Epic and Microsoft have announced a collaboration this week to integrate and develop generative AI capabilities into the Epic electronic health record.
The organisations announced the news at HIMSS in Chicago, noting their plans to combine the Azure OpenAI Service with the Epic EHR.
One of the first solutions being developed aims to deploy enhancements to automatically draft message responses, with involvement from organisations UC San Diego Health, UW Health in Madison, Wisconsin, and Stanford Health Care.
The collaboration shares that another development will bring natural language queries and interactive data analysis to SlicerDicer, Epic’s self-service reporting tool, aiming to support clinical leaders explore data in a “conversational and intuitive way”.
However, the statement notes that the use of Azure and Azure OpenAI Service is intended for general-purpose use, and is not intended as a medical device, for the diagnosis of disease or other conditions, or as a substitute for professional clinical advice, opinion, or judgment.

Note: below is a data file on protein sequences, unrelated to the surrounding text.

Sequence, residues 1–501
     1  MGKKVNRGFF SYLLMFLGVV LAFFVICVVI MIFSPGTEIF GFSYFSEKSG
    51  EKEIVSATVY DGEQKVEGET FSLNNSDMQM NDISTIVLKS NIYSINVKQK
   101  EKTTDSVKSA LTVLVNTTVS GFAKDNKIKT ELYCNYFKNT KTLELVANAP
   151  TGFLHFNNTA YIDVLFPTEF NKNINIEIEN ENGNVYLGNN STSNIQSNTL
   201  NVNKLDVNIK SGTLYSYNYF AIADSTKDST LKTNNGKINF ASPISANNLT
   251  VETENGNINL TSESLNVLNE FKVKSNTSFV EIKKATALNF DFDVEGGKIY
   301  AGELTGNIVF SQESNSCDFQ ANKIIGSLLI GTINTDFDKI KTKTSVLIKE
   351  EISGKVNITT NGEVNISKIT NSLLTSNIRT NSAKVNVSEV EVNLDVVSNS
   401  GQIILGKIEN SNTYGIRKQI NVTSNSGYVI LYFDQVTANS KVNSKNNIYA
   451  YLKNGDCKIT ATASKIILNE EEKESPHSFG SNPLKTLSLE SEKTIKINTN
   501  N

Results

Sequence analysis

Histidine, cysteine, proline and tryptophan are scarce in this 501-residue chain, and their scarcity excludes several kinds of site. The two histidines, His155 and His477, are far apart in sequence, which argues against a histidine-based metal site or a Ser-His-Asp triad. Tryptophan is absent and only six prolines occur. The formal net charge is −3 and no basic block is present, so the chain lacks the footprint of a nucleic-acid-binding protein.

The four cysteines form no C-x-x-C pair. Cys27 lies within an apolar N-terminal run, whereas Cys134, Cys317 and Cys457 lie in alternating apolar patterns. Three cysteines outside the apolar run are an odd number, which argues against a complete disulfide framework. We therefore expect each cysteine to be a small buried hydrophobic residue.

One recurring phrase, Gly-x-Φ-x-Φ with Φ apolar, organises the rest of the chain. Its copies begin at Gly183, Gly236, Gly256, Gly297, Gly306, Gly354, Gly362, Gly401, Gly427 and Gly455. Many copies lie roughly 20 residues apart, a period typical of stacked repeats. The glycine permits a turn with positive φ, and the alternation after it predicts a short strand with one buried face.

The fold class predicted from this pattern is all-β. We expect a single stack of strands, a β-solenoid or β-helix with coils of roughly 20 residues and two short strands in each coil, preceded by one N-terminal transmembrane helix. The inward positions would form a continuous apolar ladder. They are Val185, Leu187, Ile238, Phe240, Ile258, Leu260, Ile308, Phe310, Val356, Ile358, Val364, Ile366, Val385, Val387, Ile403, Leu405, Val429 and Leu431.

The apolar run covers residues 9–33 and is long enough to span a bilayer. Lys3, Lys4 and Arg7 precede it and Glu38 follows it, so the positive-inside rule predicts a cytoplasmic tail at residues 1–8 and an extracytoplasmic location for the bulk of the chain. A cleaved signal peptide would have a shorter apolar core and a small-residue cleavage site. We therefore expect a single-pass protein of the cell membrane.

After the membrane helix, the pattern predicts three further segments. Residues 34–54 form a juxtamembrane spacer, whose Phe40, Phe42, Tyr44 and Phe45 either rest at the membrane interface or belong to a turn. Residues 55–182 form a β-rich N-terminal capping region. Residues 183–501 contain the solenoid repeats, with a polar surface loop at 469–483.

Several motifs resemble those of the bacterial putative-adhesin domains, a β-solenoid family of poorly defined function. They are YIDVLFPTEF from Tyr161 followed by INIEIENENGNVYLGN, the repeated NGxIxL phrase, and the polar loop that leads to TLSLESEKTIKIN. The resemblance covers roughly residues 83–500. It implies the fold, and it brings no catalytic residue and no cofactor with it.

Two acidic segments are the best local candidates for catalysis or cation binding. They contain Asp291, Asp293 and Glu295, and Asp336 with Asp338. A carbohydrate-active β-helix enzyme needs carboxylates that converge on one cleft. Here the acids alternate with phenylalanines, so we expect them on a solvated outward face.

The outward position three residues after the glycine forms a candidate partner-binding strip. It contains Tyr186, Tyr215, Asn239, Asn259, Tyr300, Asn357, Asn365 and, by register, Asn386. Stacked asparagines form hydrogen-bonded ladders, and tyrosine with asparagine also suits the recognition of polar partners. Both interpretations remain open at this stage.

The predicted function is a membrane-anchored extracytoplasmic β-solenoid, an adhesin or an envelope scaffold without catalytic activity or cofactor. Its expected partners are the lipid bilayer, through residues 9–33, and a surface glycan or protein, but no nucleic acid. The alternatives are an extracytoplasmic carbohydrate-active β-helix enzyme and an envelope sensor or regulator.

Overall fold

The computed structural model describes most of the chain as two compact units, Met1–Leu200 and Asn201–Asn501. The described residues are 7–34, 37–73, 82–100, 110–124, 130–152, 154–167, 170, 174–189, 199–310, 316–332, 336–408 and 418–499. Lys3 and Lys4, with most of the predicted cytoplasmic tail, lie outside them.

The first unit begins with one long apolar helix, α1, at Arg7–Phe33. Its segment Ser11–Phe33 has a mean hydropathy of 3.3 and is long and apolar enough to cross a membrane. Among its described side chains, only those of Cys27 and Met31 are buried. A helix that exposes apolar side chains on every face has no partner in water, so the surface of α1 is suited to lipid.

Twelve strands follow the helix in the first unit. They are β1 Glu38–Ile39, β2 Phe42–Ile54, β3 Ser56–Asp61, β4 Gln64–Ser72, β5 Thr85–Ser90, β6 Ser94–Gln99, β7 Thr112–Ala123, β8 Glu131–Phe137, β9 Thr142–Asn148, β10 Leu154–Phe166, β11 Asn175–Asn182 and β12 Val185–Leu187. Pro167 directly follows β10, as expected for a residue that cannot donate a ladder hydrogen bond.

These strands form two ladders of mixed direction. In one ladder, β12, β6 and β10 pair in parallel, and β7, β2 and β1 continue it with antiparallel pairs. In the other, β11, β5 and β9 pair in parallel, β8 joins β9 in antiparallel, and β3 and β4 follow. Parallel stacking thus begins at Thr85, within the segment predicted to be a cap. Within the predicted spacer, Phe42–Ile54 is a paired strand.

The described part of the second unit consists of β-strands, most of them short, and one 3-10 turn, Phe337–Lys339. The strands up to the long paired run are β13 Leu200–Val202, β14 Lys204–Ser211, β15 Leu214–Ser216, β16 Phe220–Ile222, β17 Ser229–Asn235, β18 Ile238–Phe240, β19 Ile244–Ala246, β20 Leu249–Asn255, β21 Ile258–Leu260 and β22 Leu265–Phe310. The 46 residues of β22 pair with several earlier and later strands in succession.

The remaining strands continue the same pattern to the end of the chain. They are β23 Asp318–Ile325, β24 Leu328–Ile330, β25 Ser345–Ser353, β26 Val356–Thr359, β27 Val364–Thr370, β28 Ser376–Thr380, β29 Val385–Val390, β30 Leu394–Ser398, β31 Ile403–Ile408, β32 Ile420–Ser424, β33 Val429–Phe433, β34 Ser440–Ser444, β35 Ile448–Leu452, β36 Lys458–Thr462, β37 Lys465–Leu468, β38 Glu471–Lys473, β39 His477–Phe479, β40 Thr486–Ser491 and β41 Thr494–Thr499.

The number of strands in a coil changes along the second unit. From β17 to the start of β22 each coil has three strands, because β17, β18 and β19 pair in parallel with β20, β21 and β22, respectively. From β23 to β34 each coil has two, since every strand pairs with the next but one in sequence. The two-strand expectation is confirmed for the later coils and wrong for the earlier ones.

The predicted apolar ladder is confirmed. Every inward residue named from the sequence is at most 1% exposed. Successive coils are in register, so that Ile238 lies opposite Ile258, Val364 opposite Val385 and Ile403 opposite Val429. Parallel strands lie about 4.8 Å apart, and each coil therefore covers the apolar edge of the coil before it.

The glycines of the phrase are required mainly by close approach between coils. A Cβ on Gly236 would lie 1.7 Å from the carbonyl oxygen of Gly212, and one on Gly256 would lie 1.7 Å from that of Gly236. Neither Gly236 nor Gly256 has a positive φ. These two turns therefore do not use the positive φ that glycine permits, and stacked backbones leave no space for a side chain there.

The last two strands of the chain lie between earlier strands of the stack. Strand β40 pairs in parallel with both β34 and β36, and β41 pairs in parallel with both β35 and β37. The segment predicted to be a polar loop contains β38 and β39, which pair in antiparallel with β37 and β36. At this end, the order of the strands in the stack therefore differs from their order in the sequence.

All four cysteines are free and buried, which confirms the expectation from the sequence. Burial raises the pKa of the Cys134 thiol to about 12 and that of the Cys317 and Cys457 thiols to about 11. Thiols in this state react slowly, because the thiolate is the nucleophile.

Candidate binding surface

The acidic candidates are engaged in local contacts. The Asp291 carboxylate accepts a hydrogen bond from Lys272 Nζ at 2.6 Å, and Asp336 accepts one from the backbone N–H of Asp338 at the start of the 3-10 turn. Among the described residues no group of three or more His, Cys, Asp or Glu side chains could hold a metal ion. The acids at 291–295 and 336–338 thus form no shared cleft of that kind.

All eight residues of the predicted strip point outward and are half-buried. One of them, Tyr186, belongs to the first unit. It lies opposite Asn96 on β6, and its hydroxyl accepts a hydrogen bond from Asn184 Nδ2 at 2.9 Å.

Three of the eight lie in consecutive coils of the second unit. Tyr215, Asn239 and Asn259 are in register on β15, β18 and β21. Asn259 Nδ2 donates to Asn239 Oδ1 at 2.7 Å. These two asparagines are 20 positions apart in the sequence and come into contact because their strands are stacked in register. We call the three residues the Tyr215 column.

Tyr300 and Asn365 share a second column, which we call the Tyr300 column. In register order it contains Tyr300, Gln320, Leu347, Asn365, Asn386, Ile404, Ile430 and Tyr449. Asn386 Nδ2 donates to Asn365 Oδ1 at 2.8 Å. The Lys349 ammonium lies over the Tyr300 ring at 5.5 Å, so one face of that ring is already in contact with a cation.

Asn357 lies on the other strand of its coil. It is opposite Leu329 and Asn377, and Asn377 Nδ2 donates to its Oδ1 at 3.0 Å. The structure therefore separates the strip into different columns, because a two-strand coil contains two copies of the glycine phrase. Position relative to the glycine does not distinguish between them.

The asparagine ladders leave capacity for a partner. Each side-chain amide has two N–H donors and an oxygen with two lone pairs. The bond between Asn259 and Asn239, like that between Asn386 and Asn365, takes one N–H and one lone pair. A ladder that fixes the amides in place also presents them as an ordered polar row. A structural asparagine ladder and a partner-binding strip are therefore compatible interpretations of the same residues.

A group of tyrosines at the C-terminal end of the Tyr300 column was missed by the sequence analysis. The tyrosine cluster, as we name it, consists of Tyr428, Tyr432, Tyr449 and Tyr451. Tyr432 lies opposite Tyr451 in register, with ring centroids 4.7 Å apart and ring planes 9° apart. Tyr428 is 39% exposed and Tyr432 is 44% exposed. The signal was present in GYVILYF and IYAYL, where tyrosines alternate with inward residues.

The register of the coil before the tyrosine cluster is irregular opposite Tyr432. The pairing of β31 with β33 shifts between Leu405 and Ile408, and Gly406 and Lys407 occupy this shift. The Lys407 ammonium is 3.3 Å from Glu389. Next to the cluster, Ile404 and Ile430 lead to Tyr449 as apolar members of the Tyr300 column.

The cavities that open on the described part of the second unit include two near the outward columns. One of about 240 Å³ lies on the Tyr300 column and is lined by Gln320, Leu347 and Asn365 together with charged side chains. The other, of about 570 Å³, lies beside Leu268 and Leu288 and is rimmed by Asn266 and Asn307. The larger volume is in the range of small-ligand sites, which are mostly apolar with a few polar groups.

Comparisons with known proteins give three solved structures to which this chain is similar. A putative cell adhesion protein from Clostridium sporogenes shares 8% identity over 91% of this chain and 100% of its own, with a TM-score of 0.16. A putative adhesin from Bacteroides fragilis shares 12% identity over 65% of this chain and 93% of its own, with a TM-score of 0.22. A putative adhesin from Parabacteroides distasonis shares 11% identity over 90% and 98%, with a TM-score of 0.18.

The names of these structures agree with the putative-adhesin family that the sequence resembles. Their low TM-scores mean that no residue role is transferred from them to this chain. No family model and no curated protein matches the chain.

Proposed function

Chero Goswami, chief information officer at UW Health, commented on their aims: “A good use of technology simplifies things related to workforce and workflow. Integrating generative AI into some of our daily workflows will increase productivity for many of our providers, allowing them to focus on the clinical duties that truly require their attention.”
Seth Hain, senior vice president of research and development at Epic, added: “Our exploration of OpenAI’s GPT-4 has shown the potential to increase the power and accessibility of self-service reporting through SlicerDicer, making it easier for healthcare organisations to identify operational improvements, including ways to reduce costs and to find answers to questions locally and in a broader context.”
HTN last reported on Epic earlier this year, when the supplier shared plans to launch a website where health tech suppliers can self-report interoperability.
In recent news on Microsoft technology, we hosted a webinar with Barnsley Hospital NHS who shared a project leveraging the Microsoft national tenant for virtual consultations.